Debt leverage is currently above its 20-year average in six out of 13 corporate sectors, per Bloomberg. Across the ratings buckets, AAs have added the least leverage in this cycle. In prior recessions, BBB-rated leverage peaked near 3 times while AA- and A-rated issuers remained below 2 times. Industrials’ gross debt leverage could move higher if an economic slowdown or recession emerges. High leverage is a concern, although we’d note that deleveraging is becoming more of a management focus.
Technicals: Net Supply and Foreign Demand Declines
Insurance and Fund Flows Remained Steady
In a major shift, net foreign purchases of U.S. corporate bonds declined to just $6 billion in 2018 as compared to $331 billion in 2017, per Fed data. However, insurance company and mutual fund flows remained steady. As an offset, net supply declined by 42 percent in 2018 on market volatility and elevated calls, tenders and maturities. As markets stabilized, supply recovered in 1Q19 with net debt issuance of $117 billion, per Barclays. Flows also picked up with a net $29 billion moving into IG funds, per ICI.
Valuations: Corporate Spreads Narrowed on a Dovish Fed
Spreads Snapped Back in 1Q19
Lower-quality IG corporates (e.g. BBB bonds) outperformed the broader market with spread tightening of 39bps in 1Q19, per Barclays. Average quality (e.g. A-rated) corporate spreads narrowed 29bps, while higher quality, AA-rated spreads tightened 23bps. From their respective wides over the last 12 months, BBBs retraced by 44bps, followed by single-As at 35bps and AAs at 30bps. In aggregate, at an average OAS of 119bps, the IG Corporate Index is back to November 2018 levels, prior to the sell-off. After the widening in the fourth quarter and the quick bounce-back narrowing in the first quarter, valuations appear fair but steeper 5s10s credit curves present opportunities.
Corporate Outlook: Sector Views
Divergence in Fundamentals
Our research analysts conduct sector scans for investment opportunities. In the table below, we have identified three corporate sectors with fundamentals that are stable to positive and three sectors with negative trends. Industry outlooks represent our expectation for the trajectory of sector fundamentals over the next 12-18 months.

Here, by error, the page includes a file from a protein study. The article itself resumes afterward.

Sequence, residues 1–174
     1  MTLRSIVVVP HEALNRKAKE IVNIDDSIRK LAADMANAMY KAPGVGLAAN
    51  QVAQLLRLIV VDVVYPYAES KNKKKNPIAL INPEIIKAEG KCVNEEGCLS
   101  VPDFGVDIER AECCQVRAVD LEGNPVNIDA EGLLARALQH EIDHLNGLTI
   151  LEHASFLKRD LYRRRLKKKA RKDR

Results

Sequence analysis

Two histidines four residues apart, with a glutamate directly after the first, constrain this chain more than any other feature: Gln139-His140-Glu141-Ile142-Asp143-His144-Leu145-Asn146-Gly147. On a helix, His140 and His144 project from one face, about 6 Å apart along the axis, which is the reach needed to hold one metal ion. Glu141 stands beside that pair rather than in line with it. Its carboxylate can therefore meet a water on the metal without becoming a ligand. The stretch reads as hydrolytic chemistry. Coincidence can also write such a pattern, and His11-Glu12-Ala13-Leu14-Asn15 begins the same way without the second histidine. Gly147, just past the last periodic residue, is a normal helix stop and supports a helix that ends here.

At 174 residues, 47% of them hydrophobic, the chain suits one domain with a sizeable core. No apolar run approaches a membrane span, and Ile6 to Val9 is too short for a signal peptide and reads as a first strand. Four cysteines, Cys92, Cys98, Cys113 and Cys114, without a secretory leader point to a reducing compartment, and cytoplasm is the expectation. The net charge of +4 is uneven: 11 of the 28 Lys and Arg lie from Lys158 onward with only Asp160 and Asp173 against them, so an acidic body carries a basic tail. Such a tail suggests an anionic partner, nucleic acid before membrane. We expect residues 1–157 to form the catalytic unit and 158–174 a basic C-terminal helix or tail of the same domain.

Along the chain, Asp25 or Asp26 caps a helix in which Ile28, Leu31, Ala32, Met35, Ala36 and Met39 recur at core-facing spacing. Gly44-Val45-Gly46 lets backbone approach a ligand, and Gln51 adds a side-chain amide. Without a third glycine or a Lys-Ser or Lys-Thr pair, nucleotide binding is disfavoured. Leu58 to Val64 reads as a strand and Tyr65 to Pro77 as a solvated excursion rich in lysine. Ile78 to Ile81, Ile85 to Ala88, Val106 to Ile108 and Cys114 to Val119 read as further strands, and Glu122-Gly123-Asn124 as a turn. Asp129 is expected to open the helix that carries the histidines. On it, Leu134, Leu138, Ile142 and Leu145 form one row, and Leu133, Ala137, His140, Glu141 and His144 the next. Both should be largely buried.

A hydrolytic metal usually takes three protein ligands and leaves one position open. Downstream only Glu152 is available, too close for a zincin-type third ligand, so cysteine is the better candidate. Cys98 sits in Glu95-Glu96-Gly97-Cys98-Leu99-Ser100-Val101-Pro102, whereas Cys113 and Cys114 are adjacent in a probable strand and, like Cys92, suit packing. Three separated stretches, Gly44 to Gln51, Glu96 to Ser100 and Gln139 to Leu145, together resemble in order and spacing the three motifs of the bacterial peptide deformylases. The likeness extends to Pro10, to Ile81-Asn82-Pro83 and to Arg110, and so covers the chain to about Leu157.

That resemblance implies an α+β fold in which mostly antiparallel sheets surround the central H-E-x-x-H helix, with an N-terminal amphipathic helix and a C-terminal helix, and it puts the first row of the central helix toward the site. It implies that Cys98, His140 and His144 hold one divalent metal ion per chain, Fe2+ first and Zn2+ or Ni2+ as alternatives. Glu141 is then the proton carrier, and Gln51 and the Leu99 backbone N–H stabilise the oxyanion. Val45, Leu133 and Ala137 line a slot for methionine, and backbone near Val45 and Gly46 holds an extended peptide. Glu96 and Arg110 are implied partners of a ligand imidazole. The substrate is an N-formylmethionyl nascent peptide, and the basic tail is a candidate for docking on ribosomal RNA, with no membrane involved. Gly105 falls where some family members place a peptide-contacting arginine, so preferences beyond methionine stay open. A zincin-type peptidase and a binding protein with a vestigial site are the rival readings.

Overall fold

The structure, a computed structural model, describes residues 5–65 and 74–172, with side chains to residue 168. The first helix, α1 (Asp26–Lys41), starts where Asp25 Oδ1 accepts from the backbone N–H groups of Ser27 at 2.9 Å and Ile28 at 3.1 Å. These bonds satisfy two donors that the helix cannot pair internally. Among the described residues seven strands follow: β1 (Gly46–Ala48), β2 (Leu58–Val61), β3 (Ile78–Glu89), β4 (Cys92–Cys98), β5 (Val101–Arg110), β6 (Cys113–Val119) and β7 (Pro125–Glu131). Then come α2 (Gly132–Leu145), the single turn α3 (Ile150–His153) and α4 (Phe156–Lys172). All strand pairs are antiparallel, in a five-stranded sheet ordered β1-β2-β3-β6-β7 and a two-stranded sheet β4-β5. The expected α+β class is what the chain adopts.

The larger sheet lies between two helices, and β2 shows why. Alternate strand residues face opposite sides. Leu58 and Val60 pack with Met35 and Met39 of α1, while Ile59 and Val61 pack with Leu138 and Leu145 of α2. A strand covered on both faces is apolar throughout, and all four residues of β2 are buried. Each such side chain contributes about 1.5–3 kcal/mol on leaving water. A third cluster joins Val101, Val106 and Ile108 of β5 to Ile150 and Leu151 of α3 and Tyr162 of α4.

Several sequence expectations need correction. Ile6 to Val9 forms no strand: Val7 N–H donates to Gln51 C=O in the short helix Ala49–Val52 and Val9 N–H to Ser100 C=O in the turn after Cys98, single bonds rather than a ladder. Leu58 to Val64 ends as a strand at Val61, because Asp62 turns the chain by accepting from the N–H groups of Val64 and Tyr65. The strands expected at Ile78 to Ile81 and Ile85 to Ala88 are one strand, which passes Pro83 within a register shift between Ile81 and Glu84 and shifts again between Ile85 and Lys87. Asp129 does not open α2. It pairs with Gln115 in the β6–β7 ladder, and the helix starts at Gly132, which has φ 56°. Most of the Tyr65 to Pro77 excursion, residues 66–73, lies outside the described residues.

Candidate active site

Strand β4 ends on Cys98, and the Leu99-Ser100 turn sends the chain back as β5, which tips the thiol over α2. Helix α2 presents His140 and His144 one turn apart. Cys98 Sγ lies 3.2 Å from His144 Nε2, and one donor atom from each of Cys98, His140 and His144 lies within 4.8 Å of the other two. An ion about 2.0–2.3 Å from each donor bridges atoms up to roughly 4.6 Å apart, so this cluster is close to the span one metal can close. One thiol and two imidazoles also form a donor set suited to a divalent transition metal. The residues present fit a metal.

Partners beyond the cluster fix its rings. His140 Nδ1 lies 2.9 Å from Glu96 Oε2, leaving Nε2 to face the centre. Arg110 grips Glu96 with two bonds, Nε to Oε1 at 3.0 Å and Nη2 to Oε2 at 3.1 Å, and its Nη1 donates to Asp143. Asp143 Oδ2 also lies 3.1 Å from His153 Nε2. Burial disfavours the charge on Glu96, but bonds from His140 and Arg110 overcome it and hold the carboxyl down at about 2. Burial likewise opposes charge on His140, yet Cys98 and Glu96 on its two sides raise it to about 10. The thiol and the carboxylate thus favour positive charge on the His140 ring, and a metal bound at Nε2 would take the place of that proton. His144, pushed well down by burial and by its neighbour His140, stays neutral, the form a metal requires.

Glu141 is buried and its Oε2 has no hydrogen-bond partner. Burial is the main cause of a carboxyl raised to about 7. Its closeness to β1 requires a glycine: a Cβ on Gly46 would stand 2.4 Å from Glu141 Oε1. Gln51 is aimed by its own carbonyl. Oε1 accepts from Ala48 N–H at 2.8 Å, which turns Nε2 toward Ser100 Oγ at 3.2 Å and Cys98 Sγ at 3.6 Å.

Credit Trends Dashboard
In our Credit Trends Dashboard, we capture our views of the key drivers of IG corporate credit.
DISCLAIMER: The opinions and views expressed are those of Breckinridge Capital Advisors, Inc. They are current as of the date(s) indicated but are subject to change without notice. Any estimates, targets, and projections are based on Breckinridge research, analysis and assumptions. No assurances can be made that any such estimate, target or projection will be accurate; actual results may differ substantially.
Nothing contained herein should be construed or relied upon as financial, legal or tax advice. All investments involve risks, including the loss of principal. An investor should consult with their financial professional before making any investment decisions.
Some information has been taken directly from unaffiliated third party sources. Breckinridge believes such information is reliable, but does not guarantee its accuracy or completeness.
Any specific securities mentioned are for illustrative and example only. They do not necessarily represent actual investments in any client portfolio.
BLOOMBERG® is a trademark and service mark of Bloomberg Finance L.P. and its affiliates (collectively “Bloomberg”). BARCLAYS® is a trademark and service mark of Barclays Bank Plc (collectively with its affiliates, “Barclays”), used under license. Bloomberg or Bloomberg’s licensors, including Barclays, own all proprietary rights in the Bloomberg Barclays Indices.
Neither Bloomberg nor Barclays approves or endorses this material, or guarantees the accuracy or completeness of any information herein, or makes any warranty, express or implied, as to the results to be obtained therefrom and, to the maximum extent allowed by law, neither shall have any liability or responsibility for injury or damages arising in connection therewith.